TravelByte #33 Looking for meaning in your work?  Pick up your own backyard.

I sometimes hear people complain about their jobs. They are overworked, frustrated by limited resources, or engaged in a struggle with a difficult boss or passive aggressive co-workers. Yet, even stressful, mundane or creativity deprived jobs can offer meaning as soon as you make the choice to start looking for it.  Unconvinced? Please read on.

Early this summer, I came across an article about the 2019 recipients of the Padma Shri Award in India. It is one of the highest civilian honors and Dr Omesh Kumar Bharti received this award for his groundbreaking work in rabies prevention.   I was quite pleased to learn that Dr. Bharti is based in Shimla and I was heading there in July.   I immediately sent off an email and he graciously agreed to meet me in India to discuss his work.

He told me the most remarkable story which is described in detail in a wonderful article published this year in the Indian Journal of Medical Ethics: Using a modified rabies immunoglobulin protocol in a crisis of unavailability: Ethical and practical challenges.  I encourage you all to read this as it really illustrates how someone committed to saving the lives of others can affect change through lots of hard work and engaging key people to assist. It’s an amazing story and I kept thinking someone should really make a documentary about it.

Dr. Bharti is a State Epidemiologist working at the State Institute of Health and Family Welfare, in Himachal Pradesh, India.  He  is also a member of the Jan Swasthya Abhiyan, a network of health advocacy groups that works to bring services to the poor. That group helped convince the state government of Himachal Pradesh to adopt ID administration of rabies vaccines, making it much more affordable.  It is now provided free of charge by the Himachel Government.

Unfortunately, patients continued to die of rabies due to the lack of rabies immune globulin (RIG). WHO reports that worldwide, less than 2 % of category III exposed patients receive RIG.  In 2009 Dr. Bharti was asked to investigate this problem after a 38-year-old woman died of rabies after a dog bite in Shimla. She was able to obtain the vaccine, but RIG was not available anywhere in the area. At that time, because of the high cost, it was only stocked in district hospitals and medical colleges. Other hospitals and clinics didn’t want to stock the less expensive equine variety because they feared an anaphylactic reaction. Local chemists wouldn’t stock it because of the short shelf-life (about 2 years).  The crisis became even worse when in 2014, India ran out of stock completely.

Dr. Bharti was understandably very troubled by watching patients succumb to rabies without appropriate preventive treatment. He dug deep into the literature to see if there was some means of reducing the cost of RIG and increasing its availability.   It appeared that providing any excess RIG in an IM injection (as per the WHO recommendations at that time, see comparison here) might be a waste and omitting that step would lower the cost and provide RIG for more patients.   Dr. Bharti’s proposed cost-saving protocol included providing vaccine intra-dermally and injecting as much e-RIG as was required into the wound, but any remaining amount would be provided to another patient and not injected into the muscle. The protocol contradicted WHO guidelines regarding RIG administration but likely offered minimal risk to patients.  The alternative would be to do nothing, and more patients would die. Getting buy-in for this approach was extremely difficult and required pushing a lot of heavy boulders uphill. He finally managed to get support from outside rabies experts both in and outside India. His institution didn’t have an internal ethics committee (IEC) but he eventually got approval from the IEC of a local university.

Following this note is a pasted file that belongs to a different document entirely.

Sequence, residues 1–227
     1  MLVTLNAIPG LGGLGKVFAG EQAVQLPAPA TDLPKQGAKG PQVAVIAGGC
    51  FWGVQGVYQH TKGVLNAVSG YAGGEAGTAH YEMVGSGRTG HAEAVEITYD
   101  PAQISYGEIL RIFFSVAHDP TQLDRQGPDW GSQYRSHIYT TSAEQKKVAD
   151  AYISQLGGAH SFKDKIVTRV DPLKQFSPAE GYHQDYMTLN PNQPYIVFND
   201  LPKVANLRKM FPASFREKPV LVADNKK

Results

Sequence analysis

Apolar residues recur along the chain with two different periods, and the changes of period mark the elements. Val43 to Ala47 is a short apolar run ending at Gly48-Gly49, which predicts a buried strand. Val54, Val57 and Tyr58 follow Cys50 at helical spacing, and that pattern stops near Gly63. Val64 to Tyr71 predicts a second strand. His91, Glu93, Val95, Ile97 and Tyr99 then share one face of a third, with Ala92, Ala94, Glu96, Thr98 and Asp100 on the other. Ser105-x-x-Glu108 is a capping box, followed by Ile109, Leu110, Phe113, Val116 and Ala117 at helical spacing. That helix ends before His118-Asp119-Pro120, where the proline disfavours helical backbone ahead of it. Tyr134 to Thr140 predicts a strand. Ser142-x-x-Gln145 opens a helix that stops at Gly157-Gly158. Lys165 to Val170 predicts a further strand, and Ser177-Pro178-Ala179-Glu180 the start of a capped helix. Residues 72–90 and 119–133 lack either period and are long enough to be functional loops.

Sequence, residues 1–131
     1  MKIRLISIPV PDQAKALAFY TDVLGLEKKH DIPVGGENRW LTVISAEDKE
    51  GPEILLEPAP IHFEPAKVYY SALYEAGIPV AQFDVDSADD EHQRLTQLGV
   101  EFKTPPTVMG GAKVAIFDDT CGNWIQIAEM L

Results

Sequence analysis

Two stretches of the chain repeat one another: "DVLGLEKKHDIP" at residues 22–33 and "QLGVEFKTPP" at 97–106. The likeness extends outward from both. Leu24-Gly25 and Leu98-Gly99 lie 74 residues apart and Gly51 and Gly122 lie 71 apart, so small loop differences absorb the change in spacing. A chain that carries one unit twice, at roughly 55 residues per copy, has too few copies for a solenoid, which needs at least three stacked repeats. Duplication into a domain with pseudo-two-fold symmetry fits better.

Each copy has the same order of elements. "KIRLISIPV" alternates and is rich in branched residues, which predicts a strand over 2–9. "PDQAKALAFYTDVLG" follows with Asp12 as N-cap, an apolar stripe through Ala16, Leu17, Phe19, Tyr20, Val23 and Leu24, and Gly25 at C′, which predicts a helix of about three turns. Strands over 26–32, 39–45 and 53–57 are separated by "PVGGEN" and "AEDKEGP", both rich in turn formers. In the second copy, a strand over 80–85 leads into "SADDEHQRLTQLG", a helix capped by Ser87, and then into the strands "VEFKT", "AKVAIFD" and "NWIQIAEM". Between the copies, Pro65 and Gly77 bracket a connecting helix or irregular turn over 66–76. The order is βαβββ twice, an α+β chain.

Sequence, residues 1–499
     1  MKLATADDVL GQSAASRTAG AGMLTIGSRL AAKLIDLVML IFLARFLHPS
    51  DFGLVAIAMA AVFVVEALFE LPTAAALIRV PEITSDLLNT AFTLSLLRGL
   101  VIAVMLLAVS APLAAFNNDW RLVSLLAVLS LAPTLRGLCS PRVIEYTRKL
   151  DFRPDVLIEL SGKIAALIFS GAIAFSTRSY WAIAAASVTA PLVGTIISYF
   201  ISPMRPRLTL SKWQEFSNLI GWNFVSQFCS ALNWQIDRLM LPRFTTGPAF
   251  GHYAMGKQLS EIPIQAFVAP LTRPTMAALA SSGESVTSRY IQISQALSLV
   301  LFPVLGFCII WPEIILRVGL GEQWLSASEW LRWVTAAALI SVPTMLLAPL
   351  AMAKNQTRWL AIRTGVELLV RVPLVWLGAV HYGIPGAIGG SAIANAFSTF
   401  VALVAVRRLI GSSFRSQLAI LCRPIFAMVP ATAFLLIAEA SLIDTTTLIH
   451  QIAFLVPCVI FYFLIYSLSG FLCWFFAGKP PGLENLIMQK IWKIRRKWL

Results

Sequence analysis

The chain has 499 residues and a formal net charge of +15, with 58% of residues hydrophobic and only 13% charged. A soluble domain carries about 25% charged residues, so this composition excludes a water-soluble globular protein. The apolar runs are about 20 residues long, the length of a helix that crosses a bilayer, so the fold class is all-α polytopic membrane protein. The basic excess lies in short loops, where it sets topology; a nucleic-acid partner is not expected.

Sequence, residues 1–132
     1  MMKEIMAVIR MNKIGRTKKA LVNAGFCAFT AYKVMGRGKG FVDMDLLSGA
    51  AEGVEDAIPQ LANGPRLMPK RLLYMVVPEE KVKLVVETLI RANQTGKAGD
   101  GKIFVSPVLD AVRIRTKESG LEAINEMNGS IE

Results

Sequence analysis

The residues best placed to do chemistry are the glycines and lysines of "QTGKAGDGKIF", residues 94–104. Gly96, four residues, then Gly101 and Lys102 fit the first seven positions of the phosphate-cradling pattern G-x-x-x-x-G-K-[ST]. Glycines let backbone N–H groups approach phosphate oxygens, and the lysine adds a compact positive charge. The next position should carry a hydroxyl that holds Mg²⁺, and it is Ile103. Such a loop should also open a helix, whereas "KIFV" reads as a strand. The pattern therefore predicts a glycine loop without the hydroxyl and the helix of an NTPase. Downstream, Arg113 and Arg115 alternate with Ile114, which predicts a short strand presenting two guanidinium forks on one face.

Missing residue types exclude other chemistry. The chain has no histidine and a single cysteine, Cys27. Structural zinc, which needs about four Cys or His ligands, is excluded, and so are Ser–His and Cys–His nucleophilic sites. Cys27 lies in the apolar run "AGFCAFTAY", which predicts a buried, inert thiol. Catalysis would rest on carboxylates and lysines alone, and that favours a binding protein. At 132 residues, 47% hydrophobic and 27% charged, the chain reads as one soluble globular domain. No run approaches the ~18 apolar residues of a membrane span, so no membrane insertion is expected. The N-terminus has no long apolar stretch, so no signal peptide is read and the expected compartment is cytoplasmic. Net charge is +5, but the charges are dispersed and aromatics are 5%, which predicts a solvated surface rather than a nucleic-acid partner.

They treated an astonishing number of bitten patients – over 2000 between May 2014 to May 2015, and 26 of those were bitten by lab-confirmed rabid dogs. All the patients survived. Ultimately, WHO used this research to modify their own RIG protocol and published their new global recommendations in 2018.  Guidelines that lower the cost of PEP and no doubt save more people. (As a reminder, the WHO guidelines are different from current CDC guidelines we follow in the US.)

What’s Dr. Bharti concerned about now? He told me that monkeys may be more of a concern as a rabies reservoir as this area has a lot more monkeys that have been interacting with dogs. In addition, he’s concerned that current WHO recommendations don’t go far enough for Category II exposures (nibbling of uncovered skin, minor scratches or abrasions without bleeding); which currently don’t call for RIG.  He feels that RIG may be indicated as they have had a couple of deaths in patients that had the vaccine as per the guidelines but no RIG.

I love this story – it’s a magnificent story about a guy working in a government hospital in a  town that sits way up in the foothills of the Himalayas in a resource poor area (the day I visited his office, we sat in the dark as they were experiencing a power outage).  But Dr. Bharti started nosin’ around in his own backyard which led him on a journey well beyond the confines of his job.  Sure, he had to work hard – much of it on his own time, do his homework, and go to great lengths to seek out others who could help him. Yet he persisted, and out of a serious ethical dilemma, a wonderful outcome emerged, and Dr. Bharti helped change the world for the better.

Julie Richards
Charter Fellow and Past President, American Travel Health Nurses Association


Julie Richards and Dr. Omesh Kumar Bharti
Shimla, July 2019